I love sport. I love playing it and I generally love watching it. I publicly confess to brushing aside a sneaky tear during big moments such as Cathy Freeman’s 400-metre win, Sally Pearson’s hurdle victories and the Australian netballers’ triumphant celebrations over our Kiwi rivals.

There is just something about an elite athlete training hard, overcoming injury and then mentally pushing through any obstacles to win. It’s also perhaps why I love football movies of any kind. And yes, a sneaky tear embarrassingly escapes during these occasionally too.

What I do know through my many years of playing sport, from listening to athletes or reading about them, is that training, eating well, a great mindset and the right coach play such a big part, but at the end of the day it’s what happens on the field or the track that will lose or win a race or a game. And often that comes down to what happens at the very end.

Whether it’s the last few kilometres in a marathon, the last quarter of a game or the split second over a finish line it is so important to finish well. Otherwise you could have trained wonderfully, eaten well, had a great mindset going into the game and performed beautifully but in those final minutes if you don’t end well then really it’s all for nothing.

I mean, can you imagine Sally Pearson arriving at the last hurdle and deciding it was simply too high and too hard? Or Cathy Freeman running the last hundred metres and deciding it hurt too much? Or Jessica Fox lying down in her kayak at the final gate because she’s too worn out?

Now I’m sure they were all incredibly tired and they would have loved the opportunity to stop, but it was more important to finish well and to give their all. Yet stopping and having a lie down before we arrive at the finishing line is precisely what many of us are doing with our finances this time of year.

Let’s say you’ve had a fairly good year. You’ve worked out goals, you’ve put in place budgets, you’ve tracked spending, you’ve paid off your credit card debts and you might have a savings buffer in your accounts. Fantastic!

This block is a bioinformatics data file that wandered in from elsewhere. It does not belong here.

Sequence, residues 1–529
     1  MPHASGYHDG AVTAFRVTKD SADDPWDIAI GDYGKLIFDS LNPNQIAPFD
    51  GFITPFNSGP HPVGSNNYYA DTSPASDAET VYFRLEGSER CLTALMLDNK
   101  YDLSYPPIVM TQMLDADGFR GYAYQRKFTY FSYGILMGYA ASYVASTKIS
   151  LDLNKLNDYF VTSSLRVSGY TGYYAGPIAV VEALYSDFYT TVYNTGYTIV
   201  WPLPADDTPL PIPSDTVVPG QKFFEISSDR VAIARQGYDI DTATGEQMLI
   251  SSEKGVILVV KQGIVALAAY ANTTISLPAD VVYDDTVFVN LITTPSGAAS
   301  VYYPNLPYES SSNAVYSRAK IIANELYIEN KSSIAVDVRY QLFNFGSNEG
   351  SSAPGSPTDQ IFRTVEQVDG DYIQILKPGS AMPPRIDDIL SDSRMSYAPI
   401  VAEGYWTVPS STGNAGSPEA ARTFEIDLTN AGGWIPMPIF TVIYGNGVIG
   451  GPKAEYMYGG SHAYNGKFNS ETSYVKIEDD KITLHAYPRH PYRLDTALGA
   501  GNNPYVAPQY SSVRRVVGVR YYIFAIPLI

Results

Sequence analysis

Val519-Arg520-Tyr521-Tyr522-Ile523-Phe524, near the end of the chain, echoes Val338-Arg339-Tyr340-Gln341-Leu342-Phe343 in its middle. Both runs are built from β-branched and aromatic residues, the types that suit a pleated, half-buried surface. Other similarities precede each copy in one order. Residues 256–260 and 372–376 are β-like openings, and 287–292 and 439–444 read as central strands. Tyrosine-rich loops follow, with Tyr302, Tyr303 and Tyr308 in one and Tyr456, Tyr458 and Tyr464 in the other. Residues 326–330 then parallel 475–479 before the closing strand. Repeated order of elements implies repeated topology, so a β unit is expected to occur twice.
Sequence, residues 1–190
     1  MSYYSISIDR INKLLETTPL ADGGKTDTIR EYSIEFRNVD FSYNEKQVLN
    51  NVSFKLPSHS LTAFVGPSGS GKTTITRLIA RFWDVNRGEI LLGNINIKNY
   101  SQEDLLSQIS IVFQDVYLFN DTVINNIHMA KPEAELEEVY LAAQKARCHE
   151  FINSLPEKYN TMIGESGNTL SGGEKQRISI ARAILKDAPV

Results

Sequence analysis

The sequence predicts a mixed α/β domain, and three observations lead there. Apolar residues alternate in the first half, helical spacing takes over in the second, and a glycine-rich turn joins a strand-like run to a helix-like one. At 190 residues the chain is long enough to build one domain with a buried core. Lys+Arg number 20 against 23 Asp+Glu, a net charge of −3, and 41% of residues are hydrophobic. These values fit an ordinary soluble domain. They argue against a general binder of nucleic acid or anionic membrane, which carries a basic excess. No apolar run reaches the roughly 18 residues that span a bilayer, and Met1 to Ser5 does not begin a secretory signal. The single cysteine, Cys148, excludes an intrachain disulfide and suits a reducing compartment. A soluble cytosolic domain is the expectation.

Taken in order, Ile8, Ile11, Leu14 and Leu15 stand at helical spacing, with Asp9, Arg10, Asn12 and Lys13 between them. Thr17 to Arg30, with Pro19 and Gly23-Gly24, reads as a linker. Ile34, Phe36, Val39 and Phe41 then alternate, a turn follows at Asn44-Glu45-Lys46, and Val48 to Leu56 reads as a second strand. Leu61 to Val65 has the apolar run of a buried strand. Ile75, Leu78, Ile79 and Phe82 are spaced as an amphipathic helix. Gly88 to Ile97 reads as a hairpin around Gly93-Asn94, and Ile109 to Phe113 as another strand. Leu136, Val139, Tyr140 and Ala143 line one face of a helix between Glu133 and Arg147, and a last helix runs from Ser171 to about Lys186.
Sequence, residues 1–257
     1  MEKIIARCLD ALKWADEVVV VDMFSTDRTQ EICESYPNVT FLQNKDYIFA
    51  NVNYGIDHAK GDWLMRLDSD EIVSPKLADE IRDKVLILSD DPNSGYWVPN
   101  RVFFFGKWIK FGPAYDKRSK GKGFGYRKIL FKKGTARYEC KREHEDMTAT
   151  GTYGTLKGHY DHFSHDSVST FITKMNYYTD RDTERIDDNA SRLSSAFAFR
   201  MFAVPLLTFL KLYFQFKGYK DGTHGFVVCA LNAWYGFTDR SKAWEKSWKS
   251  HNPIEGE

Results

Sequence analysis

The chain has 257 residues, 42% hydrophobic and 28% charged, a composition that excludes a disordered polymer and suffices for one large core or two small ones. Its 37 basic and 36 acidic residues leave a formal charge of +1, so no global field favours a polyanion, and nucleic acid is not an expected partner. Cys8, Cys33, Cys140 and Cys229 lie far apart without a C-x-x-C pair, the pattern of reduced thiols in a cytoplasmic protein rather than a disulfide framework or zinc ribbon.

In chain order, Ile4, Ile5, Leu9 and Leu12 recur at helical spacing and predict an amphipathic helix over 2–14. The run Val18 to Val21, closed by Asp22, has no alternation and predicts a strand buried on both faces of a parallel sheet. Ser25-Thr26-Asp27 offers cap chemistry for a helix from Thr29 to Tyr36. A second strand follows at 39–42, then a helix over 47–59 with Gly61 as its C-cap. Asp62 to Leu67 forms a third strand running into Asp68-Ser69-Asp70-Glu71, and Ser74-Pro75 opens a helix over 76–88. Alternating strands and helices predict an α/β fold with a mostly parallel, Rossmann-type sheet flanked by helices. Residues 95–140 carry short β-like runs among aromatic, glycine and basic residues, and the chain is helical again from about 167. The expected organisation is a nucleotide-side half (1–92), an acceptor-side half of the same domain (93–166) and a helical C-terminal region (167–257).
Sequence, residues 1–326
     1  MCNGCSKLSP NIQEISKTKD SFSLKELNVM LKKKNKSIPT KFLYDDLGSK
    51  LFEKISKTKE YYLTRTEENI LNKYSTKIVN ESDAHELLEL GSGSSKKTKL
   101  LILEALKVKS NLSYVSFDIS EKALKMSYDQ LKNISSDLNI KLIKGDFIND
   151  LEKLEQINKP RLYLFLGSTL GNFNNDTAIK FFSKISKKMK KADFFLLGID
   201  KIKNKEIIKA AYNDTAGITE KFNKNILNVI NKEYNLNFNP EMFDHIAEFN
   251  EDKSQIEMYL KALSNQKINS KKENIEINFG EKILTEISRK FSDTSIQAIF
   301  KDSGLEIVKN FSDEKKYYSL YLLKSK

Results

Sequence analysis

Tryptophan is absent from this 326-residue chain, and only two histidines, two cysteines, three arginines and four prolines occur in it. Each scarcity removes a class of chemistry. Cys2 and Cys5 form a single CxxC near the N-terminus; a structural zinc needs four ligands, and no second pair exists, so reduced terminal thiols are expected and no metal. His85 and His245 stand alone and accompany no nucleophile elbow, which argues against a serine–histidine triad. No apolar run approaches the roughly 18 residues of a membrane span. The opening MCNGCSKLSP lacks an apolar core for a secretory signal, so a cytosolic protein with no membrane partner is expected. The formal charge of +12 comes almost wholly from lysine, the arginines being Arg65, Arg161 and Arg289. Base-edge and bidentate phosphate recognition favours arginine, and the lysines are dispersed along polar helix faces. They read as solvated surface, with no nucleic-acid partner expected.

So you arrive at December or at the Boxing Day sales and you decide to reward yourself for having had an outstanding year. Or you decide to splurge a little extra on Christmas this year, because you can. And somehow that splurging and shopping and spending ends up undoing all the great work from your year and you end up feeling defeated and slipping back into a whole lot of bad habits.

That’s like running a great race but then stopping at the last hurdle.

Now I love a good sale and buying presents for others, so I’m certainly not advocating that you sit at home, do nothing, buy nothing and act like the Grinch. However I am suggesting that you make sure you are conscious of your spending this holiday season and you put plans in place to make sure you enjoy it both now and when your credit card statement arrives in late January.

What I know from watching and playing sport is that athletes always go into a race or a game with a strategy. And generally that strategy encompasses the moment they start the race to the moment they finish. That’s because they understand the mental toughness it takes to finish a race well or to win a game.

So my question to you as we reach the final moments in this year is what financial strategies are you going to put in place to make sure you end your race well?

Perhaps your strategy will include writing down every person you’re buying for and keeping track of how much you’re spending using free apps such as Evernote or Santa’s Bag. Perhaps it’s working out how much you’re going to spend over the Boxing Day and January sales and then tracking it using the MoneySmart app or Xero to make sure you stick to your limit.

Or perhaps it’s about simply buying everything online so you’re not tempted to purchase more as you walk past something shiny at the shops. Whatever you do, make sure you have a plan to finish well.

The most incredible moments in sport often happen at the end of the race. The elation on the face of the winner, the embraces of team-mates winning a grand final or the marathon runner who has finished miles behind everyone else but still stumbles over the finishing line determined to finish to a standing ovation from the crowd.

Whether you feel like you’ve won your financial race this year or you’re stumbling broken over the finish line, why not choose today to finish this year well and put half an hour aside this week to create a strategy so that you do.

Then make sure you celebrate your financial victory over a glass of bubbles, a cider or a green smoothie on New Year’s Eve and acknowledge the fact that no matter what type of year you had, at least you chose to finish well.

Posted by Melissa Browne – Money Manager on 5th December, 2014